Philip J. Goscienski, M.D.
If the statisticians are correct and if the present trend continues, 100 percent of Americans will be obese in the year 2150. From a meager 10 percent or so at the end of World War II the obesity rate has skyrocketed to more than 33 percent today. About 40 percent of us are simply overweight, leaving barely a quarter of the population in the normal-weight range. Even that figure is overstated since it is estimated that some persons are categorized as normal-weight obese, a medical term indicating that body fat has replaced muscle while weight is unchanged. The scale really does lie.
We'll never reach 100 percent obesity, of course. Not only is the rate of increase in obesity beginning to flatten out, there will always be fitness die-hards who are determined to maintain a healthy lifestyle. Further, the economic burden of fatness and the soaring medical costs that result from its complications will evoke government intervention on a massive scale. Rationing of medical care is the most dreaded prospect but you can expect that not many more years will pass before there are high taxes on imprudent lifestyles. The camel's nose is already under the tent in the form of tobacco taxes, and soda taxes in some municipalities.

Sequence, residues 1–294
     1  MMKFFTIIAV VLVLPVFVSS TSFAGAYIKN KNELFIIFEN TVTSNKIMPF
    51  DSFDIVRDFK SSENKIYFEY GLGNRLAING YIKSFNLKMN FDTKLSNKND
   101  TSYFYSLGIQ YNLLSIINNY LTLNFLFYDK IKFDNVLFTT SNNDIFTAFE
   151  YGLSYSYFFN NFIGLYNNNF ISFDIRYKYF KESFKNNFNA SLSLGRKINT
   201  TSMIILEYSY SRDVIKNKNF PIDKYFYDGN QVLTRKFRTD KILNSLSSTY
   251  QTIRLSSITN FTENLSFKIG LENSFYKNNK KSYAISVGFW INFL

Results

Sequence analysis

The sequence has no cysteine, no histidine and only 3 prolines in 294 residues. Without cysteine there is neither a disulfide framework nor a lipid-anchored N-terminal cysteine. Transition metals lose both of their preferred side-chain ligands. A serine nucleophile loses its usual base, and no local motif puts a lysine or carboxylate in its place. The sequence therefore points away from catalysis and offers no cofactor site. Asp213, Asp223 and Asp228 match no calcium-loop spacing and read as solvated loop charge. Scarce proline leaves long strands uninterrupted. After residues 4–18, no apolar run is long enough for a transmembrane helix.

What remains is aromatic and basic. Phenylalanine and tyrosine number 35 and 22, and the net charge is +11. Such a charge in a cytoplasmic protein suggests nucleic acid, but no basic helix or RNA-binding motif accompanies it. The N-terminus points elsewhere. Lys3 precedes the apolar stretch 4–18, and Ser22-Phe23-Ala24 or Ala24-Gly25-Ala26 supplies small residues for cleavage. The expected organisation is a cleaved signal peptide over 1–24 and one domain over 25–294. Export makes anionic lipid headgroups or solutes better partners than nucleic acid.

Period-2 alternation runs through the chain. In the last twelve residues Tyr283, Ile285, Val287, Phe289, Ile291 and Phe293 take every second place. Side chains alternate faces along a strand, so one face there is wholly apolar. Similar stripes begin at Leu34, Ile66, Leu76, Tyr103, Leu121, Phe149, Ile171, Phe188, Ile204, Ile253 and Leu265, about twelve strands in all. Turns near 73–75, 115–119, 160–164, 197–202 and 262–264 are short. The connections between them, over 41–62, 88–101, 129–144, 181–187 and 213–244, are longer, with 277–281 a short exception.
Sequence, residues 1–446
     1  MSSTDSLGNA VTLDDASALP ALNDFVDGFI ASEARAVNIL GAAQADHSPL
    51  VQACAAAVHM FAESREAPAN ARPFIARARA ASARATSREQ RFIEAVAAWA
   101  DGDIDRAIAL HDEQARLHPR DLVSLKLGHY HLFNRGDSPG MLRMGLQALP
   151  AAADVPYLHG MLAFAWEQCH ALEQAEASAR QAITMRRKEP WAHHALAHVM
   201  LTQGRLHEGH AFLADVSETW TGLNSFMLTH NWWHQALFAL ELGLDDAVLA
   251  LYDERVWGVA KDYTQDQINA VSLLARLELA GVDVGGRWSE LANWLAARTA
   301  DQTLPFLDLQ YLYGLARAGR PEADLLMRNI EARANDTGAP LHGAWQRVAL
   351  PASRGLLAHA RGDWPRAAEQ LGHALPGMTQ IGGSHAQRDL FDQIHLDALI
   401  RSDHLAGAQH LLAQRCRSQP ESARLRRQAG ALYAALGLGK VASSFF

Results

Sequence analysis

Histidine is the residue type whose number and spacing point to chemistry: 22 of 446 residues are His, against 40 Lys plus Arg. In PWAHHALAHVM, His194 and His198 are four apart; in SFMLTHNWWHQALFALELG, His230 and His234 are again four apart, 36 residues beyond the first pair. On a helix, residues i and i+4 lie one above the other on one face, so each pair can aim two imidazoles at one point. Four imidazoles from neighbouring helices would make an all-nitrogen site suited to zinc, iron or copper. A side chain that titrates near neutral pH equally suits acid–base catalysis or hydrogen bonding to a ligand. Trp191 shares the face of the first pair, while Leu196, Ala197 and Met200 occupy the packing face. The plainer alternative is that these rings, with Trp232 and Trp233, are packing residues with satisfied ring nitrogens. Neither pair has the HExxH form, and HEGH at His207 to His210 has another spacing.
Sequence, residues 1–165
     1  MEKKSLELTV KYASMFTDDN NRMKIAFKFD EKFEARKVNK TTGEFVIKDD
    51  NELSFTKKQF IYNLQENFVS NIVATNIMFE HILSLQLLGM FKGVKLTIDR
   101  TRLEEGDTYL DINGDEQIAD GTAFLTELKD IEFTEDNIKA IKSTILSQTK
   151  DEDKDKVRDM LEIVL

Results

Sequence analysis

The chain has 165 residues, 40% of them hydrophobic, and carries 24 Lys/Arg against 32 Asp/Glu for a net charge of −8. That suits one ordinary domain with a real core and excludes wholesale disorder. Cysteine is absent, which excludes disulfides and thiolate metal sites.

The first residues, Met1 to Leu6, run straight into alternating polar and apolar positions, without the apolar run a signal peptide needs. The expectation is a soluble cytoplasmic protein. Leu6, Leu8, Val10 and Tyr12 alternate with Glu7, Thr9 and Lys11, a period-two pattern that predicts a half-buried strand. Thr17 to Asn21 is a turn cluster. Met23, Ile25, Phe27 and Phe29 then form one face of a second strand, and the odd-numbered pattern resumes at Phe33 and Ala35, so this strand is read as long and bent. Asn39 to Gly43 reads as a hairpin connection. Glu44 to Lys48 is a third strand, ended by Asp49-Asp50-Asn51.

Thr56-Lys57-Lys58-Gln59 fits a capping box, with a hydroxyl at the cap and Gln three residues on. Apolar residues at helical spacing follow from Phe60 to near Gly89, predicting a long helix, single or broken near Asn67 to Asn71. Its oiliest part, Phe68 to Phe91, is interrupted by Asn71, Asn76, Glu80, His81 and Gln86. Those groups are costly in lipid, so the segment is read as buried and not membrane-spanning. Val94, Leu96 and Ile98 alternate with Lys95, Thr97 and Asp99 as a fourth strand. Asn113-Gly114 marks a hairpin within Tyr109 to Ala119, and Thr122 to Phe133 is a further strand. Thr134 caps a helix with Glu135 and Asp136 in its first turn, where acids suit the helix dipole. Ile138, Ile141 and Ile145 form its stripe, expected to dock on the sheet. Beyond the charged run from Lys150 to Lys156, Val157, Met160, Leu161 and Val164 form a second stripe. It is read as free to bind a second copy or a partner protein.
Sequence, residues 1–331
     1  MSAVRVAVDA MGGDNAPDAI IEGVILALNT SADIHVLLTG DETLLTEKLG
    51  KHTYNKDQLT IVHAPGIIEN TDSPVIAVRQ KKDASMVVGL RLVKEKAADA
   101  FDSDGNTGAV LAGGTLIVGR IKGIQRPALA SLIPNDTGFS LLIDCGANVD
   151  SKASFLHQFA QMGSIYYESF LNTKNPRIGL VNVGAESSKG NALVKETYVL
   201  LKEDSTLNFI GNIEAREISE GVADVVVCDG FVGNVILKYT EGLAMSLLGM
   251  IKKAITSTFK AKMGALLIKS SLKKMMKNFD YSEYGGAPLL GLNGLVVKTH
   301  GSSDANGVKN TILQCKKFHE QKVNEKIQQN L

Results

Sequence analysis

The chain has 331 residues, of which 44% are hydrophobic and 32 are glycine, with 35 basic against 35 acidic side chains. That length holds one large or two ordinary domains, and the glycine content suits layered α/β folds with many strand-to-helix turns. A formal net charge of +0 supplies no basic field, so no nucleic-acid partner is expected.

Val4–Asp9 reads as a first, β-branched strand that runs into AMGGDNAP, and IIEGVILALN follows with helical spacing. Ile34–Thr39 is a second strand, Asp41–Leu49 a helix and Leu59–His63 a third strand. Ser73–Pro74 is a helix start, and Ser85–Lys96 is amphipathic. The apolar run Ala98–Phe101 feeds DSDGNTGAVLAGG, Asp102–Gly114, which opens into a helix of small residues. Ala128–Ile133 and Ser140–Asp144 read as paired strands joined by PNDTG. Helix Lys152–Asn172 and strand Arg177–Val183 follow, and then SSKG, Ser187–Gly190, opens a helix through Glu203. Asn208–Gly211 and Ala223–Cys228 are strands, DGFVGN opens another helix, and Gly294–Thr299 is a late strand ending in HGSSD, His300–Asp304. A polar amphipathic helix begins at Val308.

The sugar industry will take a hit as a major cause of childhood obesity and type 2 diabetes. Health insurance premiums, already increasing by double digits each year, will rise for persons who are fat, not fit, for smokers and for those with risk factors that predict costly medical problems.
Healthy leanness, which rules out anorexia nervosa and bulimia, will bring with it financial benefits. Not having a chronic disease will mean lower premiums for medical coverage as it does now for life insurance. In an effort to encourage healthy habits tax laws will provide credits for participation in monitored fitness programs, subsidize operators of neighborhood gyms, increase taxes on refined grains and sugar and support lower prices for fruits and vegetables. Business owners will be allowed to discriminate against the obese in their hiring practices as they do now against smokers. Slender airline passengers will fly at reduced rates — but will probably be just as uncomfortable in the narrow seats reserved for them.
With better employment opportunities and tax breaks, the fit will prosper. That is, of course, unless they are outvoted by the overweight majority.
Philip J. Goscienski, M.D. is the author of Health Secrets of the Stone Age, Better Life Publishers 2005. Contact him at firstname.lastname@example.org.